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  • Nan Russell

The Other Side of Gratitude

These are disturbing times. Multiple wars. Natural disasters. Political upheaval. Hateful rhetoric. Random violence. Misinformation campaigns. Rampant suffering. The onslaught via social media, television, print, and audio sources renders me, by the end of most days, distressed and discouraged, wondering where humanity and our collective future is heading.

These daily intrusions have pushed me to think differently about gratitude this Thanksgiving and reminded me that Benjamin Franklin wrote in his autobiography about a morning and evening question. Upon waking he would ask, “What good shall I do this day?” At day’s end reflecting on, “What good have I done today?”

Wrapped in my tiny drama of a couple of personal rough patches, I haven’t thought about asking those questions in a long time. Somewhere between my need-to-dos and want-to-dos, I forgot about my get-to-dos.

Certainly, Thanksgiving is a time to reflect on the blessings we have, the wonders of life, the joys of family, the connections of friends, along with a host of other cherished thoughts. But shouldn’t it also be a time to be grateful for what we can offer and give back to life? I wake each morning with people to love, work to do, passions to follow, ideas to share, and books to write. I am grateful for what I still get to do and what small difference I might be able to make in someone else’s life.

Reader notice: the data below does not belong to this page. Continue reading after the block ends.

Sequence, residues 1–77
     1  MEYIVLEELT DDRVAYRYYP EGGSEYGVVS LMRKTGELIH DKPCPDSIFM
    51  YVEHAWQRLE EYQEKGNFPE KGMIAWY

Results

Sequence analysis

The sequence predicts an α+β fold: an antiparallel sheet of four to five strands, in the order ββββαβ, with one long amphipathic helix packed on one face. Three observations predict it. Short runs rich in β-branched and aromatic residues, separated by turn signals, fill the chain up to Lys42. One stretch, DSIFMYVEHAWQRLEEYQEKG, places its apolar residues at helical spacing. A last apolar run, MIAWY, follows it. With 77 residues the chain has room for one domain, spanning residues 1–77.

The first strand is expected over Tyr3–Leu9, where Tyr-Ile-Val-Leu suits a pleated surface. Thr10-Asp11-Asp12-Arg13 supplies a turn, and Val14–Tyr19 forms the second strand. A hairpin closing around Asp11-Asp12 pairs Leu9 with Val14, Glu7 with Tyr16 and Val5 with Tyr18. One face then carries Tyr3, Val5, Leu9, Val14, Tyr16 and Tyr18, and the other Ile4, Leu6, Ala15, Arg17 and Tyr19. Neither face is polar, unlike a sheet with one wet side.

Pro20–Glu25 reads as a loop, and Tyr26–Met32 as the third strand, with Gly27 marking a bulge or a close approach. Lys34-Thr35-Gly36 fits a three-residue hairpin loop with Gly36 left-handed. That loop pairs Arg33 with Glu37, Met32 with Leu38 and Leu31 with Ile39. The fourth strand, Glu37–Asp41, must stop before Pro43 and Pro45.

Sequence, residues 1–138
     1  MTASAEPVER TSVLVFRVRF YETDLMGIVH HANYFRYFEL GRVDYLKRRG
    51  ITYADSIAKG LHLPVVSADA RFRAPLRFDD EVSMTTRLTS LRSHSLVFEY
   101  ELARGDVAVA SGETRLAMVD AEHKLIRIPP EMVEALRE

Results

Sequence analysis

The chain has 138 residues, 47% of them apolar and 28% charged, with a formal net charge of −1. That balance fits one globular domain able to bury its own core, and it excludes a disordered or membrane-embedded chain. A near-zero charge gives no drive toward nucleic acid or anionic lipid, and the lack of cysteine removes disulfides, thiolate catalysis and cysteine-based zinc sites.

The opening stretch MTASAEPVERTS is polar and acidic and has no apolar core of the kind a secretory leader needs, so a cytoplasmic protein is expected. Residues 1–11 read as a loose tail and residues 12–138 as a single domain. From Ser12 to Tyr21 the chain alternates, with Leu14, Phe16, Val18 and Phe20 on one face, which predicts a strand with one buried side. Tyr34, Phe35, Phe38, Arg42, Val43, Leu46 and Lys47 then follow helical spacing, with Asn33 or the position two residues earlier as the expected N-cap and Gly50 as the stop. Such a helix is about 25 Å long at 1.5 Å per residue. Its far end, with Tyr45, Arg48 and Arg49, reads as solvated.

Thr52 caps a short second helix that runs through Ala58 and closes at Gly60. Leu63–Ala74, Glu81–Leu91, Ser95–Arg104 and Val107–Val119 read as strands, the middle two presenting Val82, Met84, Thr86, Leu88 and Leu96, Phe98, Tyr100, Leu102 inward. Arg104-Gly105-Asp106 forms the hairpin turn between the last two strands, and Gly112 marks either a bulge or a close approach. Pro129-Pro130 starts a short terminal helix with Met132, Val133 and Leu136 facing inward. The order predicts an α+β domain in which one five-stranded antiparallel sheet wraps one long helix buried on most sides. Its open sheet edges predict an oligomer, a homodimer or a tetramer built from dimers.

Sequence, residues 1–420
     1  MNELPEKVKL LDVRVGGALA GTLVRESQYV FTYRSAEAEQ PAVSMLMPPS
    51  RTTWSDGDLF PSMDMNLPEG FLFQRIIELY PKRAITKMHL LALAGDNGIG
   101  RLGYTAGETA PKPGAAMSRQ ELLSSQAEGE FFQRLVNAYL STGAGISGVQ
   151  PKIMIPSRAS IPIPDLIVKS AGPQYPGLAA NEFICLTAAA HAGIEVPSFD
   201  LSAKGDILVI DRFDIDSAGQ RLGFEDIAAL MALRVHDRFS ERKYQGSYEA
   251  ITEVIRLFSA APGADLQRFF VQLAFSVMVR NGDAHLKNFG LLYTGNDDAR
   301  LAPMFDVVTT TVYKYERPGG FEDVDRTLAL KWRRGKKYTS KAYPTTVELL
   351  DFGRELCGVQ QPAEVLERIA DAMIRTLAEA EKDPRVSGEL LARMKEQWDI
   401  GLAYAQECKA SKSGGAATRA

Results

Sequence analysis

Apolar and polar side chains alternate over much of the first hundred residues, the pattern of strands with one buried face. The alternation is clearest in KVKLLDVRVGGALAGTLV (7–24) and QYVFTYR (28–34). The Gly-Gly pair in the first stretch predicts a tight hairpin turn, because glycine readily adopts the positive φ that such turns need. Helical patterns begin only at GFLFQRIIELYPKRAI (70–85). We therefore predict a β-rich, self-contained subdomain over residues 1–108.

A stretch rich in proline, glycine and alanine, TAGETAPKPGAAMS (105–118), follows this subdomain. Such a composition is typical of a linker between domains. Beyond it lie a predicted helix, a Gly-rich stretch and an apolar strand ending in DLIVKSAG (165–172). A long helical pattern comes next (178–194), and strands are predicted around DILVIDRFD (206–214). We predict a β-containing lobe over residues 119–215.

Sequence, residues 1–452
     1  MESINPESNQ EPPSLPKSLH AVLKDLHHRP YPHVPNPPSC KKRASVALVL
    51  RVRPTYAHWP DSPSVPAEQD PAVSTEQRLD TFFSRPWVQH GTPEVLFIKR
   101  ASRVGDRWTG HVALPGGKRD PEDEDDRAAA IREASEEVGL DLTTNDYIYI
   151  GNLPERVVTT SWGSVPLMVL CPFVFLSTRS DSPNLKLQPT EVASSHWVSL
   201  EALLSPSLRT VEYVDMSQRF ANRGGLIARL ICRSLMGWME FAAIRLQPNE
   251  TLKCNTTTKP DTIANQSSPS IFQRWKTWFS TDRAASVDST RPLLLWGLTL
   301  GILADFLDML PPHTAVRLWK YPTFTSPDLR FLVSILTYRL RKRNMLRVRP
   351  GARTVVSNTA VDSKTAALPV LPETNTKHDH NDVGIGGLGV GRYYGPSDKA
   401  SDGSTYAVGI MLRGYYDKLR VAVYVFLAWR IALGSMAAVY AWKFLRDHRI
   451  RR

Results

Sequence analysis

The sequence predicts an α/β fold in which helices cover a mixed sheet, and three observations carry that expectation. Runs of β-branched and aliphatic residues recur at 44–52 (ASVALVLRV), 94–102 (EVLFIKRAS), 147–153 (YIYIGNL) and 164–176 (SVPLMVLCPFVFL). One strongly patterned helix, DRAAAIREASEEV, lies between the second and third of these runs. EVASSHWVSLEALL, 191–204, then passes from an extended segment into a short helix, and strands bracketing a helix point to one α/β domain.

As we give thanks for all we’ve received and for those who make our lives better, happier, healthier, and easier, I hope we also pause to consider the other side of gratitude – the side we bring. The world needs our talents, kindness, compassion, tolerance, and love; it needs our ideas, perspectives, experiences, and wisdom; it needs our open hearts and minds.

Whether it’s reading to a child or solving a crisis, sharing our unique talents and knowledge keeps us alive, in the deepest sense. But it does so much more. It adds hope and positive vibes to the community where we live, the country we call home, and the planet we share.

In the words of Jane Goodall: “You cannot get through a single day without having an impact on the world around you. What you do makes a difference, and you have to decide what kind of difference you want to make.” So, this Thanksgiving I’m looking at the other side of gratitude and starting Franklin’s morning and evening questions anew: What good shall I do this day? What good have I done today?


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